Integrating trees with the farmed landscape delivers multiple benefits for farms and the environment. Reforestation doesn’t have to mean a return to the ecologically and culturally inappropriate single-species blocks of non-native conifers, which were planted en masse in the 1970s and 1980s. Incentivised under tax breaks to secure a domestic timber supply, many of the resulting plantations were located in places difficult or in some cases impossible to actually harvest.

Productive farmland needn’t be converted to woodland. Instead, that 4 per cent of land could be found by scattering trees more widely. After all, more trees on farmland is good for business. They prevent soil erosion and the run-off of pollutants, provide shade and shelter for livestock, a useful source of renewable fuel and year-round forage for pollinating insects.

The first tranche of tree planting could involve new hedgerows full of large trees, preferably with wide headlands of permanently untilled soils, providing further wildlife refuge.


Natural regeneration

Where appropriate, new woody habitats can be created simply by stopping how the land is currently used, such as by removing livestock. This process can be helped by scattering seeds in areas where seed sources are low. But patience is a virtue. If people can learn to tolerate less clipped and manicured landscapes, nature can run its own course.

A focus on deliberate tree planting also raises uncomfortable truths. Most trees are planted with an accompanying stake to keep them upright and a plastic shelter that protects the sapling from grazing damage. All too often, these shelters aren’t retrieved. Left to the elements, they break down into ever smaller pieces, and can be swept into rivers and eventually the ocean, where they threaten marine wildlife. Two billion tree shelters is a lot of plastic.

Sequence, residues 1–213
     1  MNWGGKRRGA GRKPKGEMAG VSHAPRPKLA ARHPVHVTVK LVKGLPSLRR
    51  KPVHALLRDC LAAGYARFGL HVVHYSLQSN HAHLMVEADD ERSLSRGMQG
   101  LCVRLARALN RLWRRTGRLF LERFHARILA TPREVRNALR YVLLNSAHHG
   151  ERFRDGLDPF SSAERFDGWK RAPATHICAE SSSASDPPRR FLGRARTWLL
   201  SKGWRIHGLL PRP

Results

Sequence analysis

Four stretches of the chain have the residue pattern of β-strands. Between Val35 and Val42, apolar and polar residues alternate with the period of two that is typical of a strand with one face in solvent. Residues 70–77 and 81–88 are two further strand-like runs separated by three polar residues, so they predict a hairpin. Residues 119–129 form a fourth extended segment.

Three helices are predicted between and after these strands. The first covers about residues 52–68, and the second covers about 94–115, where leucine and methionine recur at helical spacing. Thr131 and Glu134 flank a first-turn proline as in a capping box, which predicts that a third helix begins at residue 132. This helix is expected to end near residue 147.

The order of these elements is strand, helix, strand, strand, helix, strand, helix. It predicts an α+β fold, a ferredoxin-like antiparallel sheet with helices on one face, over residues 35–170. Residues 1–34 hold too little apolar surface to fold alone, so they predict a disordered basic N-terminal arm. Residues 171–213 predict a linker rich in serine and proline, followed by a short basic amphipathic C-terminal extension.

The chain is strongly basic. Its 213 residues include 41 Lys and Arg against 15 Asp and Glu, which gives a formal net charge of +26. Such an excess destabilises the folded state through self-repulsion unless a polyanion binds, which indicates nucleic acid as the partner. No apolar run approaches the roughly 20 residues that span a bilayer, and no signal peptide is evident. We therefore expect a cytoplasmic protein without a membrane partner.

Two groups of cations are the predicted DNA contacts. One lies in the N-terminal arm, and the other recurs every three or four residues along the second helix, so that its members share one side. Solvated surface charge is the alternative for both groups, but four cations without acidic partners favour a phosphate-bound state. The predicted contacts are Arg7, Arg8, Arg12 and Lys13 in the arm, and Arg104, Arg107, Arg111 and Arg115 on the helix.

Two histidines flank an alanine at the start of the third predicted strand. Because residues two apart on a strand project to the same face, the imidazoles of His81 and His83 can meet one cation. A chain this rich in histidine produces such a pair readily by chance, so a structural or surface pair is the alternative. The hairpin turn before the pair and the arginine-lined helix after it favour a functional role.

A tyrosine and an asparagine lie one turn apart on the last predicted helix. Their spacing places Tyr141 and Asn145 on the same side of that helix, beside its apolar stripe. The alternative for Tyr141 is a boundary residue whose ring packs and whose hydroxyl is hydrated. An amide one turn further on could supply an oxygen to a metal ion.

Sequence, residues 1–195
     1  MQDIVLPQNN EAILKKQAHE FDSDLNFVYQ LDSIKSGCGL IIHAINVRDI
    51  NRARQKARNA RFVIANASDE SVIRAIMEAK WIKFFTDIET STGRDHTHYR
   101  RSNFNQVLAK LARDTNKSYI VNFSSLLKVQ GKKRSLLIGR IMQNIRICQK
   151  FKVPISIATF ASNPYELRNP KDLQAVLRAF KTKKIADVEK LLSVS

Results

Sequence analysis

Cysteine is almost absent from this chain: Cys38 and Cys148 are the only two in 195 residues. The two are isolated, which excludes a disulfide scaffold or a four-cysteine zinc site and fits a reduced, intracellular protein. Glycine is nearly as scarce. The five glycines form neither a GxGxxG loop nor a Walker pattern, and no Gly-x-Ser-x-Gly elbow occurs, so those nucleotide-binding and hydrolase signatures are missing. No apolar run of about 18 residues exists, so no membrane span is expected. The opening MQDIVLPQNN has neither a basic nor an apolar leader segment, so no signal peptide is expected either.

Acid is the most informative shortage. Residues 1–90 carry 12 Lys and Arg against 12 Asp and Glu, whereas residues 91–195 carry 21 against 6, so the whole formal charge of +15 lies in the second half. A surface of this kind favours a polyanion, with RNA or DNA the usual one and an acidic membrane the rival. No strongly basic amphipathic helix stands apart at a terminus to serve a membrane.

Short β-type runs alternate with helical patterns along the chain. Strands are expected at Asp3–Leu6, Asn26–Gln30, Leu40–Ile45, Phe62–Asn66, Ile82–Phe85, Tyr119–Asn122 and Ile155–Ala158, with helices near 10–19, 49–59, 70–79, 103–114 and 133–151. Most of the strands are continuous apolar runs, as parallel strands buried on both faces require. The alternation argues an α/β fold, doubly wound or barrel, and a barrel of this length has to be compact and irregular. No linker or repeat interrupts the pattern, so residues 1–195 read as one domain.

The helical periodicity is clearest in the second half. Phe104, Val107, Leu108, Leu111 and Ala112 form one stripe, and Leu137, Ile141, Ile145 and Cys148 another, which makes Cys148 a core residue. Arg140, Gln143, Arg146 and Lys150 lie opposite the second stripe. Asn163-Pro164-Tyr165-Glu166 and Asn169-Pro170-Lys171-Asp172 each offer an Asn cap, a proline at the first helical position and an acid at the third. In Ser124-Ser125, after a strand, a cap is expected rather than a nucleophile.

The main reason for using tree shelters at all is because the deer population in the UK is so high that in many places, it is all but impossible to establish new trees. This also has serious implications for existing woodland, which is prevented from naturally regenerating. In time, these trees will age and die, threatening the loss of the woodland itself. Climate change, pests and pathogens and the lack of a coordinated, centrally supported approach to deer management means the outlook for the UK’s existing treescape is uncertain at best.

An ecologically joined-up solution would be to reintroduce the natural predators of deer, such as lynx, wolves, and bears. Whether rewilding should get that far in the UK is still the subject of debate. Before that, perhaps the focus should be on providing the necessary habitat, rich in native trees.

A positive response would be to implement the balanced recommendations, made almost a decade ago in a government review, of creating more new habitat, improving what’s already there, and finding ways to link it together. Bigger, better, and more connected habitats.

But the UK is losing trees at increasing rates and not just through diseases. The recent removal of Victorian-era street trees in Sheffield and many other towns and cities is another issue to contend with. As the climate warms, increasing urban temperatures will mean cities need shade from street trees more than ever.

Trees aren’t the environmental panacea that the politicians might have people believe – even if they do make for great photo opportunities – but we do need more of them. Efforts to expand tree cover are underway across the world and the UK will benefit from contributing its share. Hitting the right balance – some commercial forestry, lots of new native woodland and millions of scattered trees – will be key to maximising the benefits they bring.

Nick Atkinson, Senior Lecturer in Ecology & Conservation, Nottingham Trent University.

This article is republished from The Conversation under a Creative Commons license. Read the original article.